Hazardous Materials (HazMat) Endorsement: the (H) endorsement. This endorsement is required if you are transporting hazardous materials such as flammable liquids, combustible liquids, gases, and other explosive materials. The (H) endorsement is available and is required of all CDL holders transporting these materials, even at the Class C CDL level.

    To earn and maintain the HazMat (H) endorsement, drivers must successful complete the following: (1) written knowledge test, (2) Transportation Security Administration (TSA) Security Threat Assessment application, (3) submit fingerprints along with two forms of ID (Driver’s license, DOT medical card, etc.) and (4) periodic written knowledge retest.

    Truck driving jobs requiring endorsements may offer opportunities for increased per mile, hourly, or route-specific compensation. Extra compensation based on endorsements will vary by the carrier. For more information about endorsements and what is required to obtain a Hazardous Materials (HazMat) endorsement, visit Truck Driving Job Resources.

    Endorsements are required “permissions” for CDL holders driving and hauling various types of equipment and freight. You can earn endorsements at the same time as your CDL, or you can apply for them after you have been driving for a while.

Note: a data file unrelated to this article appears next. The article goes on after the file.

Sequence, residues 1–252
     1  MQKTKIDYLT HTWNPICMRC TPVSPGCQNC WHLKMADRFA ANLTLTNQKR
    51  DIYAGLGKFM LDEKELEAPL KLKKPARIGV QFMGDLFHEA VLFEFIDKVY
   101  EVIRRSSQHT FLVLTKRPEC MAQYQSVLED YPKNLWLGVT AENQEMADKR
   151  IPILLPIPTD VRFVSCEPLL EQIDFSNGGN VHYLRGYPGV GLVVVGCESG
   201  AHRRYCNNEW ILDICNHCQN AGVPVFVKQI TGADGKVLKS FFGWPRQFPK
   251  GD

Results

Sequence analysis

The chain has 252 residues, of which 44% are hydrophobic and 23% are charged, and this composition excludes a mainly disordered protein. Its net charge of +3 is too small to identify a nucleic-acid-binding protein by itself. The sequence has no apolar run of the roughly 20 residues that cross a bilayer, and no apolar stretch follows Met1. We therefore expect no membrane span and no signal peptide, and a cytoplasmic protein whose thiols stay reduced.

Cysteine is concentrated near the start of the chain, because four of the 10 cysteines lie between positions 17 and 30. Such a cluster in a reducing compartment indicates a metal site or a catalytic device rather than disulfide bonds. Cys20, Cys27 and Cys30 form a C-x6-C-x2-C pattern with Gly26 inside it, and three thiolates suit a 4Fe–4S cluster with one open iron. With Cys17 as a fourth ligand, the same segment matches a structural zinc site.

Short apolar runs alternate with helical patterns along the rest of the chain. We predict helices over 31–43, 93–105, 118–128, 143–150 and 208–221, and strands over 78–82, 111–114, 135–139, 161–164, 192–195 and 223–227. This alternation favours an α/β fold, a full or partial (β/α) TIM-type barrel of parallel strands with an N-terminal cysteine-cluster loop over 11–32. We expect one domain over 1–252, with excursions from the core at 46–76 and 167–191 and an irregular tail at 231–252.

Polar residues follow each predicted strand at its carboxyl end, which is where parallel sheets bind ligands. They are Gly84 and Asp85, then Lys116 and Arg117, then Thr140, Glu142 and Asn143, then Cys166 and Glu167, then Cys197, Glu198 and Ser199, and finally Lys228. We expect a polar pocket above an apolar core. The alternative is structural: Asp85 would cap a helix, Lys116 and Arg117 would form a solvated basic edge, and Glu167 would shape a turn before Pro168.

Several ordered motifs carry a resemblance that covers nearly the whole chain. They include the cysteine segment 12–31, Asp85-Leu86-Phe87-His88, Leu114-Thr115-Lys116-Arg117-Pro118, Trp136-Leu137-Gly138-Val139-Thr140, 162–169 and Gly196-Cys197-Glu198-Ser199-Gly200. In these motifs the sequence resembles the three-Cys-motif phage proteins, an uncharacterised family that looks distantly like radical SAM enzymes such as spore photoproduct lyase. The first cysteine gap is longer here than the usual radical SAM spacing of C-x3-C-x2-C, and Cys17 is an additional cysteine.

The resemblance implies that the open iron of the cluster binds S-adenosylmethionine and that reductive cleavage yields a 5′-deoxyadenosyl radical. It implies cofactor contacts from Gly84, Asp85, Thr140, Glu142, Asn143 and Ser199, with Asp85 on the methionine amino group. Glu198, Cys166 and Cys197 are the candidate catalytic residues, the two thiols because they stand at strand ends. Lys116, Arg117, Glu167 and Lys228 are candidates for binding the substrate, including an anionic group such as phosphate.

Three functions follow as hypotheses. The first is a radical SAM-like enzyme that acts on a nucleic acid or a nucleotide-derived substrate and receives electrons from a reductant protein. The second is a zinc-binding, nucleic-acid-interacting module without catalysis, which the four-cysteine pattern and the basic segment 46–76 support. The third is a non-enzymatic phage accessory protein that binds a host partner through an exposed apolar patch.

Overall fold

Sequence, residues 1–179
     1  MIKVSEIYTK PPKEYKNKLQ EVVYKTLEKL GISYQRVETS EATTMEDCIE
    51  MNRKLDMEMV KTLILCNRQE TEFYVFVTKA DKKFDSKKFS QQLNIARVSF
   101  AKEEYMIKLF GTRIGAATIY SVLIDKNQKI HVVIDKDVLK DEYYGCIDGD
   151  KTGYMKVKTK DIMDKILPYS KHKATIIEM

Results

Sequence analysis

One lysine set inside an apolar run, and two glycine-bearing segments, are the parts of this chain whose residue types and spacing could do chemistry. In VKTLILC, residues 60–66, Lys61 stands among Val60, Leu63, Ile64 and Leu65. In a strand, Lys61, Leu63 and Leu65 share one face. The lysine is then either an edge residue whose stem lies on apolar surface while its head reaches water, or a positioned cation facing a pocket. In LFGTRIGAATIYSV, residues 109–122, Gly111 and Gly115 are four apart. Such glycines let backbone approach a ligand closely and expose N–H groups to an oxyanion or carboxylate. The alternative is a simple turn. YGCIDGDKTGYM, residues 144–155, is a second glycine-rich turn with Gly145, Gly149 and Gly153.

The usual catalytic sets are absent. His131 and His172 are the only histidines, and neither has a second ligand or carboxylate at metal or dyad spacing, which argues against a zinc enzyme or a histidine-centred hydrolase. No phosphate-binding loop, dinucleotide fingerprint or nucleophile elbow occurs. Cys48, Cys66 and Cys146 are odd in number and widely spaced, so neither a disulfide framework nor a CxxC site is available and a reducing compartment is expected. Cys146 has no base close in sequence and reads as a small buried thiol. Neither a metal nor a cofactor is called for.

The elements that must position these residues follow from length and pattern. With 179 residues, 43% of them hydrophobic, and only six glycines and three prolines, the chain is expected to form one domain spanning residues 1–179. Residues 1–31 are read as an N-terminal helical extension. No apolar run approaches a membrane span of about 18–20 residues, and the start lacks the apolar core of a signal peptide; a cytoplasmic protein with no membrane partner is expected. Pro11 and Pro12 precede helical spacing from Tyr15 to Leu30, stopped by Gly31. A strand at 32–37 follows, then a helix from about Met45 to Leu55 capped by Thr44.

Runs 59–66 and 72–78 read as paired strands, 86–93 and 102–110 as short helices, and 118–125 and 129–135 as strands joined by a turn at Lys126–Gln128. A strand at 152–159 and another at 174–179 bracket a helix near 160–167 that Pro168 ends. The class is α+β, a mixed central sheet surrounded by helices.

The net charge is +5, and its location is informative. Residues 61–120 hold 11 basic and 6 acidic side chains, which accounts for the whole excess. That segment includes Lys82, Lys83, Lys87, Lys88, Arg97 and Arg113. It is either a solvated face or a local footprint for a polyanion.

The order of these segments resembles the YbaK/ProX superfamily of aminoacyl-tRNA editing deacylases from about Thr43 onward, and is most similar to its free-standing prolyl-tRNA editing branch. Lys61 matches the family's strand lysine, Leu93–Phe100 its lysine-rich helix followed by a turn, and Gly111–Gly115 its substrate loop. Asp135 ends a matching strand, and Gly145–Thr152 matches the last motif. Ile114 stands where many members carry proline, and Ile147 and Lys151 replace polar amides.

Tanker Endorsement: (N) endorsement. This endorsement allows you to operate a tank vehicle. The endorsement is required for both vehicles designed with both permanently and temporarily attached tanks. Examples of tank vehicles are those used to transport liquids or liquid gas materials. The requirement to obtain the Tanker (N) endorsement is passing a written knowledge test.

    Truck driving jobs requiring endorsements may offer opportunities for increased per mile, hourly, or route-specific compensation. Extra compensation based on endorsements will vary by the carrier. For more information about endorsements and what is required to obtain a Tanker endorsement, visit Truck Driving Job Resources.

    Truck driving route type vary within the industry and are dependent on several factors including interstate trucking requirements, route planning, type of cargo hauled, frequency, hazardous materials restrictions, driver experience, etc.

    Over the Road (OTR) Routes are likely those that most people with minimal knowledge of the trucking industry envision drivers working. OTR routes can be regional with occasional outside of region assignments or they may be cross-country to make one delivery or several along the way. OTR drivers are generally paid by the mile and are on the road for much of the year with limited home time.

    Truck driving route type vary within the industry and are dependent on several factors including interstate trucking requirements, route planning, type of cargo hauled, frequency, hazardous materials restrictions, driver experience, etc.

    Regional Routes are routes within a specified geographic region. The region may be as small as a few counties in a state, a state itself, or a number of states. Regions are often divided geographically in typical ways including the Northeast, Southeast, Midwest, Southwest Northwest, etc.